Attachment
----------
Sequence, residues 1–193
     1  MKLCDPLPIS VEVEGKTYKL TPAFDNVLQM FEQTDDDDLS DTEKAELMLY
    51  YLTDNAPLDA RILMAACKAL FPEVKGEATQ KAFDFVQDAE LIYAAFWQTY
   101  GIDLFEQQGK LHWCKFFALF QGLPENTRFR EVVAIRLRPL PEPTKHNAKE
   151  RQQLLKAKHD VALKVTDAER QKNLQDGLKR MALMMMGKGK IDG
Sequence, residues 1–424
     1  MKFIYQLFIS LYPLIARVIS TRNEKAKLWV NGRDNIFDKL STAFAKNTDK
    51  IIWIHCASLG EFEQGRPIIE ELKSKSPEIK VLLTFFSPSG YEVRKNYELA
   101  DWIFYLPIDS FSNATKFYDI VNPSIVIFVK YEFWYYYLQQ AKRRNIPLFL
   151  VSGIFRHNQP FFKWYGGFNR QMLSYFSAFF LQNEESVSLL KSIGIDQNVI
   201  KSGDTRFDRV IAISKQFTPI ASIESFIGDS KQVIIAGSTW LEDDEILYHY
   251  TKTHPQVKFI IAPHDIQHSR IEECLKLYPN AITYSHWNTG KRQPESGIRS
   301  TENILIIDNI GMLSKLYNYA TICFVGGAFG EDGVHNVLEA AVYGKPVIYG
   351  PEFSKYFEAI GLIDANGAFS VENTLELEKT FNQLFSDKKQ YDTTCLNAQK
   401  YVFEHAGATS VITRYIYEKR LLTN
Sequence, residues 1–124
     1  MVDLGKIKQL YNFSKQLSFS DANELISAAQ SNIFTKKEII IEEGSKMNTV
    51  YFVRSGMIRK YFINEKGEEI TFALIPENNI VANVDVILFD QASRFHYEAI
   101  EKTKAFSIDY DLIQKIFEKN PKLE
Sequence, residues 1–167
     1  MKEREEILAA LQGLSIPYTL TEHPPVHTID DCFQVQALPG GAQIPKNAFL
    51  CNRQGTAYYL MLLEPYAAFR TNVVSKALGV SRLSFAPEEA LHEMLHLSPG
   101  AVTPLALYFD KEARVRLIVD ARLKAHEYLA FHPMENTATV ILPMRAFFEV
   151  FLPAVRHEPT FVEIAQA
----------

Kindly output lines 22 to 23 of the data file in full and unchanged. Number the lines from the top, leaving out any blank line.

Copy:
    51  CNRQGTAYYL MLLEPYAAFR TNVVSKALGV SRLSFAPEEA LHEMLHLSPG
   101  AVTPLALYFD KEARVRLIVD ARLKAHEYLA FHPMENTATV ILPMRAFFEV